Bennett Dismisses Criticism: 'Keep Talking - We Will Act'
Economics Minister and Jewish Home (Bayit Yehudi) Chairman Naftali Bennett reflected on his party's accomplishments Monday during the weekly faction meeting.
"When the government was formed, the Jewish Home signed a coalition agreement," he began. "We demanded to add the referendum bill that helps unite the people and prevent Mitsubishi agreements, and [to add] the Nation-State Bill, which enshrines for generations to come the fact that Israel is a Jewish State."
The term "Mitsubishi agreements" refers to the Oslo Accords, which were made possible by the promise of a political position involving a Mitsubishi official car to a corrupt MK in exchange for his support - an under-the-table deal seen as symbolic of the undermining of the democratic process via corruption.
Bennett also referred to Sunday's landmark victory in pushing forward the "Life Without Parole" bill, which would severely limit the possibility of more large-scale terrorist releases.
"Moreover, we brought about a profound change in relation to release of terrorists," he said. "We stopped the fourth batch of terrorist releases and agreed to pay a price for our sitting in the [coalition] government if the batch went through [anyway], which did not happen."
Bennett then reflected on the present-day, rebuffing criticism leved against the coalition government for lacking direction.
"Today, a year after the establishment of the government, the situation is this: the Referendum Bill has passed into law, [and] MK Ayelet Shaked's law Nation-State Law has support from the Prime Minister, and I thank him for that," he said. "Yesterday we passed through the government, after a difficult struggle, the bill against releasing terrorists.
"This is the bottom line of the current government: there could be another speech, another project [. . .] they could call for a withdrawal, a disengagement, or a surrender - the bottom line is important: We will do, and anyone who wants to [merely] talk - [go ahead and] talk."
Sovereignty plans - and ignoring political mudslinging
The Economics Minister also pushed his sovereignty plan during the meeting, stressing that the time has come for a significant policy change regarding Judea and Samaria.
"In recent weeks I introduced the sovereignty program - a program which says for the first time what is good [or bad] for Israel, and what also can be done - not a program of intimidation but a program of taking initiative," he said.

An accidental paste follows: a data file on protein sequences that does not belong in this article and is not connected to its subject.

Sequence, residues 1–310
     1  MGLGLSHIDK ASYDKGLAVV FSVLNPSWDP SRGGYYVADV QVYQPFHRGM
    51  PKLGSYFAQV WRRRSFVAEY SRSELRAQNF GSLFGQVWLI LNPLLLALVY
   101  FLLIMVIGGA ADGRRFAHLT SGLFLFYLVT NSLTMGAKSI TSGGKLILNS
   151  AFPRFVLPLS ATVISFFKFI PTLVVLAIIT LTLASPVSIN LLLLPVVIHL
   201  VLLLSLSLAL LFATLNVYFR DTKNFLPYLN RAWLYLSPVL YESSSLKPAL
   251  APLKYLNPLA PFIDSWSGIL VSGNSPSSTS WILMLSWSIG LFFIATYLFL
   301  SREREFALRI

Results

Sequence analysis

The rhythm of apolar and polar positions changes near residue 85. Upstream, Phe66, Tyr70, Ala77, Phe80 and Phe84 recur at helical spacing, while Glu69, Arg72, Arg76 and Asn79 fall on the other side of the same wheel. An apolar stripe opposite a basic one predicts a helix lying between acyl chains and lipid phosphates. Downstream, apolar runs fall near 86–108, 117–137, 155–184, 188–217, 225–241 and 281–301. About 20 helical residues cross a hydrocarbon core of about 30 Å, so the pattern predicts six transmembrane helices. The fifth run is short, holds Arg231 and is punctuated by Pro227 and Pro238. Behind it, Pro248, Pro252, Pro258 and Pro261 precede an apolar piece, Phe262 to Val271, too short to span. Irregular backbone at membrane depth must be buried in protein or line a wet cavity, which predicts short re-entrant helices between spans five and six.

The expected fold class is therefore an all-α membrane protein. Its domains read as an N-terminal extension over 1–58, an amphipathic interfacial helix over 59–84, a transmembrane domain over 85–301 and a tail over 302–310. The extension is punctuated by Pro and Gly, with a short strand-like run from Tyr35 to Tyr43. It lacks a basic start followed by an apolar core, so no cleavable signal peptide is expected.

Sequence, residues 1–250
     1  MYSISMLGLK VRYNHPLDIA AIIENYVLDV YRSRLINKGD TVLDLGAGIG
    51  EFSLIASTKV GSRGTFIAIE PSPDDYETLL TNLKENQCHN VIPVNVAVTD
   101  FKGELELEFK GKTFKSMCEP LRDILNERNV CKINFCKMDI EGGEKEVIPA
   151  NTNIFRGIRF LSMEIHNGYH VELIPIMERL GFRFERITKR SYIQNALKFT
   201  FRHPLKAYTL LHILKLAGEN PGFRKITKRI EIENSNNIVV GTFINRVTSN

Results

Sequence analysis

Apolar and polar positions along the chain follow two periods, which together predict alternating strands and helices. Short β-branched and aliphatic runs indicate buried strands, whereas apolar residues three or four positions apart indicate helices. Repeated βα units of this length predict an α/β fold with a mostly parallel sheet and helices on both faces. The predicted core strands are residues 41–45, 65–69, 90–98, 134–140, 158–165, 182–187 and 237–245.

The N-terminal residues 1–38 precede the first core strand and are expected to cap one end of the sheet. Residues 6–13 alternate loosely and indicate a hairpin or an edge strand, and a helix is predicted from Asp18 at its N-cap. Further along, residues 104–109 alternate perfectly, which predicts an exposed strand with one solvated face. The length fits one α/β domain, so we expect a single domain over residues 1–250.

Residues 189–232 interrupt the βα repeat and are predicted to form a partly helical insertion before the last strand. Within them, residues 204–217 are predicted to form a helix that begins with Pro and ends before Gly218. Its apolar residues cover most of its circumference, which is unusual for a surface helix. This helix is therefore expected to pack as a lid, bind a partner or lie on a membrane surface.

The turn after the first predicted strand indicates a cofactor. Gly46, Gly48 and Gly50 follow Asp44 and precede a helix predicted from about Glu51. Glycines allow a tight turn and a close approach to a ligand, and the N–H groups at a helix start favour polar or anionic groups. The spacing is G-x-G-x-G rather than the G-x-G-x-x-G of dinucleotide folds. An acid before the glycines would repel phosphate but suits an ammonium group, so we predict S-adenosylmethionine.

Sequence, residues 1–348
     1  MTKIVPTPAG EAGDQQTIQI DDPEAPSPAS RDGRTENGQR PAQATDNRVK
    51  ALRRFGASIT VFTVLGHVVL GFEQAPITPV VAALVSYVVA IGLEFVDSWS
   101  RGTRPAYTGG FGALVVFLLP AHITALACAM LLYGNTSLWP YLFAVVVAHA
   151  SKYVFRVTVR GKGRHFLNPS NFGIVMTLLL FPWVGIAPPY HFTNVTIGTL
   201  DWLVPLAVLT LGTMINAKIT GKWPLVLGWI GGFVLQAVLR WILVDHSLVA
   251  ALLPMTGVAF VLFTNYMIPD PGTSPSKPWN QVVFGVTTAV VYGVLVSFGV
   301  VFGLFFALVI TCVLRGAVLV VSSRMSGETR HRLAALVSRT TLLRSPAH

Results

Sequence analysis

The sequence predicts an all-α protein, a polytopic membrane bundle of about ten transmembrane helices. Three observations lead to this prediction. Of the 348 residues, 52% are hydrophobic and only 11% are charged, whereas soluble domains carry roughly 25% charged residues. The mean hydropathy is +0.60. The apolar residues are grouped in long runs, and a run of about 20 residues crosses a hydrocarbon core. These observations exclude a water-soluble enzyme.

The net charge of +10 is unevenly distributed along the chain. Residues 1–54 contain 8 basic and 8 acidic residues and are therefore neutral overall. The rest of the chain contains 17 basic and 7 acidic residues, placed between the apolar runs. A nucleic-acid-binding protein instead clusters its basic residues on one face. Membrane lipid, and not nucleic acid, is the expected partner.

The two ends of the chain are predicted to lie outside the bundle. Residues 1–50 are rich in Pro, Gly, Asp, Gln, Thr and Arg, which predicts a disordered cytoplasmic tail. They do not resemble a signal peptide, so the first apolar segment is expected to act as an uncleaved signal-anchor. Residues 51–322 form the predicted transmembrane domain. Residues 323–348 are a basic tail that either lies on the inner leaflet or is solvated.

"I'll say it again: He who runs away from terrorism - terrorism runs after him."
Bennett also lobbed critical comments against fellow ministers, several of whom slammed the sovereignty notion during Sunday's Herzliya Conference.
"I hear that the head of one party said yesterday that we hypnotize people around the settlements, the head of another party said that our plan is not a Zionist one, and the head of a third party said it was not feasible," he noted. "And to them, I say: You will continue to attack us and we will continue to do exactly what is best for the people of Israel and what we promised our voters."
Bennett's plan, as presented Sunday night, involves two distinct stages which will increase Israel's sovereignty over Judea and Samaria without introducing a Jewish minority.
Under the plan, Israel will gradually annex Area C of Judea and Samaria, where 400,000 Israelis reside alongside some 70,000 Arabs, while creating an enhanced autonomy in the remaining areas with full freedom of movement. The first area to be annexed would be Gush Etzion, an idea Bennett recently brought up during a speaking appearance at the Bar Ilan University.
The second part of the plan includes offering Israeli citizenship to 70,000 Arab residents living in the areas to be annexed, resulting in 1.77 million Israeli Arabs instead of 1.7 million today.
Bennett noted Monday that support for the plan appears to be building.
"We introduced the sovereignty program before the last election, and it has slowly garnered the support of ministers and several Likud MKs," he said. "According to the latest survey from the Israel Democracy Institute, the idea of sovereignty has received the support of 43% of the Israeli public - and it is is a program that cuts across political parties, gaining more and more ground."
"I introduced the program to the Prime Minister and the Cabinet, and even if it will not be implemented tomorrow, we are not afraid of a long journey [to get there]," he added.